When it comes to the loading of websites, images take a long time because of the size. Past few years, a lot of effort has been made, and WebP has become popular. Compared to JPEG, WebP format is 30% smaller, which is huge, especially now that Google’s web vital factor is part of the search algorithm. But this doesn’t stop here.
Alliance for Open Media has developed a new image format—AV1 (.avif), which is 50% smaller than JPEG. In this post, we will talk about it and how you can enable its support in Chrome, Firefox, and Edge.
What is AVIF or AV1 image format
Alliance for Open Media, in collaboration with Google, Cisco, and Xiph.org, has created the AVIF format. It is an open-source format that doesn’t require any royalty (JPEG requires expensive licensing to implement). It is a super-compressed image that offers better quality to compress file size ratio. Here is the list of features:
- Supports any image codec
- It can be lossy or lossless.
- It can store a series of frames i.e., GIF support.
- Supports HDR color support with better brightness, color depth, and color gamuts
Enable AVIF or AV1 support in Chrome, Edge and Firefox
Since the format is new, and it will take time to become mainstream. The good news is that browsers already support them, but they are yet to be enabled by default. It will eventually happen down the lane.
Chrome version 85 has enabled it already, while Firefox (version 80) needs a flag to be enabled. Follow the below-mentioned method for Firefox:
- In a new tab, type about:config and press the Enter key.
- Locate image.avif.enabled
- Double click to change the value to true.
Since Microsoft Edge uses the same Chromium Engine, the support for Edge should roll out soon.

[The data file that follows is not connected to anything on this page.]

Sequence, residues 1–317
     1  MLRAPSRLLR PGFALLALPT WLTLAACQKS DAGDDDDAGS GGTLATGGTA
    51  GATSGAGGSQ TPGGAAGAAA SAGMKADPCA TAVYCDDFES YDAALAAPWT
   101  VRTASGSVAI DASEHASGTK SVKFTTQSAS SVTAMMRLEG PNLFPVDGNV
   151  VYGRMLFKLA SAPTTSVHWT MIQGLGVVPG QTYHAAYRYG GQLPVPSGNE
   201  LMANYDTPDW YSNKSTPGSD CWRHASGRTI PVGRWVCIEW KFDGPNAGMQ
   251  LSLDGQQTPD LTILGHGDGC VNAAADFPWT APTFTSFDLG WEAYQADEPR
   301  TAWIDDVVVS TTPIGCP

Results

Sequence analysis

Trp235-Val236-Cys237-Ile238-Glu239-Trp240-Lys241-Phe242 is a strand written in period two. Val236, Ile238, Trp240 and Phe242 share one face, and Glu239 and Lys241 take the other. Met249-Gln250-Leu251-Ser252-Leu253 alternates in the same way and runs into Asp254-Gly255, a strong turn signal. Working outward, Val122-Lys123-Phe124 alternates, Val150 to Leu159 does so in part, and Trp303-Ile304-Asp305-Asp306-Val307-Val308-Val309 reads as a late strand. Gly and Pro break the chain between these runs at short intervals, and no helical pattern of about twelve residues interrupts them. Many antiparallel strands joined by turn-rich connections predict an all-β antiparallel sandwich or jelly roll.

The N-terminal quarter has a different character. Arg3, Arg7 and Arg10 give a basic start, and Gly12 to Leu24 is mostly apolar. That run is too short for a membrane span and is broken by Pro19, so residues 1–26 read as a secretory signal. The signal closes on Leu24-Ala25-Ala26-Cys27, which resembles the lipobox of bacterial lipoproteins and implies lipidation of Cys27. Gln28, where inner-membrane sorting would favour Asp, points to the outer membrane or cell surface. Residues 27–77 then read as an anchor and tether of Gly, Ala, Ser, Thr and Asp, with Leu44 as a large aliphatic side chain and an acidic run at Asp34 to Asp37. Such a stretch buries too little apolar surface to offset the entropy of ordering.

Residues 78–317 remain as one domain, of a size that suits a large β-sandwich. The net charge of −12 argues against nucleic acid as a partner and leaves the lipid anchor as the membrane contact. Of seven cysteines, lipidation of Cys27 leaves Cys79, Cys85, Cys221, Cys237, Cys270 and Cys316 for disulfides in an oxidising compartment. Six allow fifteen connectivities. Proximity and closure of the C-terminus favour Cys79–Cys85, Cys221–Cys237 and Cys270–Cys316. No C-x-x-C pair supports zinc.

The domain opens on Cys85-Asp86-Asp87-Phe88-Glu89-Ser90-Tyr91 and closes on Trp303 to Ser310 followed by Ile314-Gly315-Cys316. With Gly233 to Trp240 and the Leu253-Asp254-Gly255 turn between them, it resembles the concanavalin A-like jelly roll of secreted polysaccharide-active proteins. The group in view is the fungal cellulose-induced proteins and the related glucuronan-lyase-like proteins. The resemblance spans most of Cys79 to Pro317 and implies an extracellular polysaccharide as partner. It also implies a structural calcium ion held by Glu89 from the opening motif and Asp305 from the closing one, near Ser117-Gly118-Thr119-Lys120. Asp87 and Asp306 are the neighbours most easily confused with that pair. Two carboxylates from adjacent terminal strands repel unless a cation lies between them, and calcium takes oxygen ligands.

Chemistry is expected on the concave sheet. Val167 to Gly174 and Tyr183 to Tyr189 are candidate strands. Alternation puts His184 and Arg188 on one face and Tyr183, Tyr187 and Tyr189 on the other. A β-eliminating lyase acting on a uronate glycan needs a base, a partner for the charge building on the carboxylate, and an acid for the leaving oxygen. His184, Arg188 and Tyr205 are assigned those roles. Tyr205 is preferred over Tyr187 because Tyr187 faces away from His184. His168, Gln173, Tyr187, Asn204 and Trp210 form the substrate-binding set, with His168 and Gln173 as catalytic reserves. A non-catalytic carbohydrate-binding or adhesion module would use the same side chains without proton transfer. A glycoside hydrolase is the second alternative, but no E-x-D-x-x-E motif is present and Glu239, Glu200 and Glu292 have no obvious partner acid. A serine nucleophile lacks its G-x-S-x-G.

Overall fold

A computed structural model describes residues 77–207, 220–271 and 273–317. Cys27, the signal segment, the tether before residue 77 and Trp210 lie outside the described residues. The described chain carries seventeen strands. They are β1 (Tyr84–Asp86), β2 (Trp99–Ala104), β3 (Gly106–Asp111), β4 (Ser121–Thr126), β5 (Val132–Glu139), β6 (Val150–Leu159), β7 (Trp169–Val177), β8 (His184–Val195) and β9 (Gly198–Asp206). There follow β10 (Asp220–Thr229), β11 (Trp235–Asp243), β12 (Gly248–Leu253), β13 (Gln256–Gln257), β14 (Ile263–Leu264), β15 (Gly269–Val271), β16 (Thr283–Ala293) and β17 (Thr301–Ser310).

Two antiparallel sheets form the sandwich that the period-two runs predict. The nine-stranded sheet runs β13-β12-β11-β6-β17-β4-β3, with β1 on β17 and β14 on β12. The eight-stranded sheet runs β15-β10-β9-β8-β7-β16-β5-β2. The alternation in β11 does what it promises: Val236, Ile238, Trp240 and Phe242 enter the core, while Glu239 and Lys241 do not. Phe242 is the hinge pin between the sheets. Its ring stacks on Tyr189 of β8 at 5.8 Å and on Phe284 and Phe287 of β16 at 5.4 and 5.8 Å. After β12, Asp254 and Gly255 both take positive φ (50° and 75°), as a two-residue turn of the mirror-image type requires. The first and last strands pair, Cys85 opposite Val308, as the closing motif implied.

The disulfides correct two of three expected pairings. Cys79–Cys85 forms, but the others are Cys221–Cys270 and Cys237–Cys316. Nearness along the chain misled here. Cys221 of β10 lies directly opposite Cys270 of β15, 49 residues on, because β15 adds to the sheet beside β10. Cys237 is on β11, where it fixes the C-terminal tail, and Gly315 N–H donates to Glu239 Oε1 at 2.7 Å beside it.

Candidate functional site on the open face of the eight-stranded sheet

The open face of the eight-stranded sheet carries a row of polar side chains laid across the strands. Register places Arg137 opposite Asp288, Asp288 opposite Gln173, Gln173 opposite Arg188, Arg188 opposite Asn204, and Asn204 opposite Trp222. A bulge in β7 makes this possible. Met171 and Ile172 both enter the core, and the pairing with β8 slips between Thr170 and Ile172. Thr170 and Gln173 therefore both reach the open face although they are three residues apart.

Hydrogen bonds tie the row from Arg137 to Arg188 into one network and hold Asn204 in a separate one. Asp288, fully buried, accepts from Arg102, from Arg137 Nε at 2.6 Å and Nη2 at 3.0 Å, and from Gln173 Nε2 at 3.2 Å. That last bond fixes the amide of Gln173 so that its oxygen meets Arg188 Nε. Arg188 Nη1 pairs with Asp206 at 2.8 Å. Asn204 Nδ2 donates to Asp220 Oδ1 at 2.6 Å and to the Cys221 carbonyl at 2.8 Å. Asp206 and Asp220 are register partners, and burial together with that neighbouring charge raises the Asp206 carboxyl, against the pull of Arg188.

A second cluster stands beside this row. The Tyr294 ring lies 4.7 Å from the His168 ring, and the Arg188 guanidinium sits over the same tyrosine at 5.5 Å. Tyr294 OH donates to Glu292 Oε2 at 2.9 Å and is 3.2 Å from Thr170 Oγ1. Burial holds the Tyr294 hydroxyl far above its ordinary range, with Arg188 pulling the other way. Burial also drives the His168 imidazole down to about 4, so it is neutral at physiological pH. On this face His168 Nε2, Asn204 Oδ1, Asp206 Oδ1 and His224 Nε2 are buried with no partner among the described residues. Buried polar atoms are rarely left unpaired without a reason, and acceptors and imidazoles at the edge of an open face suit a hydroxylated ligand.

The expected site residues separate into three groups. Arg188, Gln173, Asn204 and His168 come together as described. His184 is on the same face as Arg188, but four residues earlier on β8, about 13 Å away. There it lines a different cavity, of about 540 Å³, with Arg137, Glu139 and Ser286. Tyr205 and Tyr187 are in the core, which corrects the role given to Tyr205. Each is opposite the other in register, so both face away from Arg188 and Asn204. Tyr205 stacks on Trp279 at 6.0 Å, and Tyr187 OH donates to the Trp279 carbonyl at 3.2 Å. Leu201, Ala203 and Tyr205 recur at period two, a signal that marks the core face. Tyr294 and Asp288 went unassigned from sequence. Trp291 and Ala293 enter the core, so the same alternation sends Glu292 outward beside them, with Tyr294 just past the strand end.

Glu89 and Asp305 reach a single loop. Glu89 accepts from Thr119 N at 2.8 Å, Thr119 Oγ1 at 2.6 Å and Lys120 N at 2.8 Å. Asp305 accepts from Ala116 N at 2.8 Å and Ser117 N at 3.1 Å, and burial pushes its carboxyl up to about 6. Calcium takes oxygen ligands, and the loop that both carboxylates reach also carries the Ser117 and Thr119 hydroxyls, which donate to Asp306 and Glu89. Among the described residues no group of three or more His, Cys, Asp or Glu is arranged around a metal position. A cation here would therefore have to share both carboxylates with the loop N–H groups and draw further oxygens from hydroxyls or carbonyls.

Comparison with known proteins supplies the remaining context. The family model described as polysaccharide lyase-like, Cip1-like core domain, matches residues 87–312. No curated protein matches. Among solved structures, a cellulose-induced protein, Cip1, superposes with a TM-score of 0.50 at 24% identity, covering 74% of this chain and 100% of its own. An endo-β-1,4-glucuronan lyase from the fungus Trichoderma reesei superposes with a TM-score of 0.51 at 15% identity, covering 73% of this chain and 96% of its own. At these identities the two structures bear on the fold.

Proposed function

How can Websites implement it?
Website owners can use the PICTURE element of native HTML to include fallback i.e., if the browser doesn’t support it, then you can request the browser to use some other image format.
<picture> <source srcset="img/photo.avif" type="image/avif"> <source srcset="img/photo.webp" type="image/webp"> <img src="img/photo.jpg" alt="Description of Photo"> </picture>
How to create an AVIF file
You can use the Squoosh web app to convert any image into AVIF. Powered by the Google Chrome Labs team, you get access to the advanced options for all the image compressors. If you only have a couple of images, you can use this one.
For websites or bulk image conversion, you can use the AOMedia library, libavif, to encode/decode AVIF files. Those who are on macOS user with Homebrew, you can install a pre-built version using the following command
brew install joedrago/repo/avifenc
AVIF image format sounds promising. Since it helps improve loading websites a lot faster, it should get adopted more quickly than the WebP format. The latter took a lot of time mostly because speed was not a primary concern then, but now it is.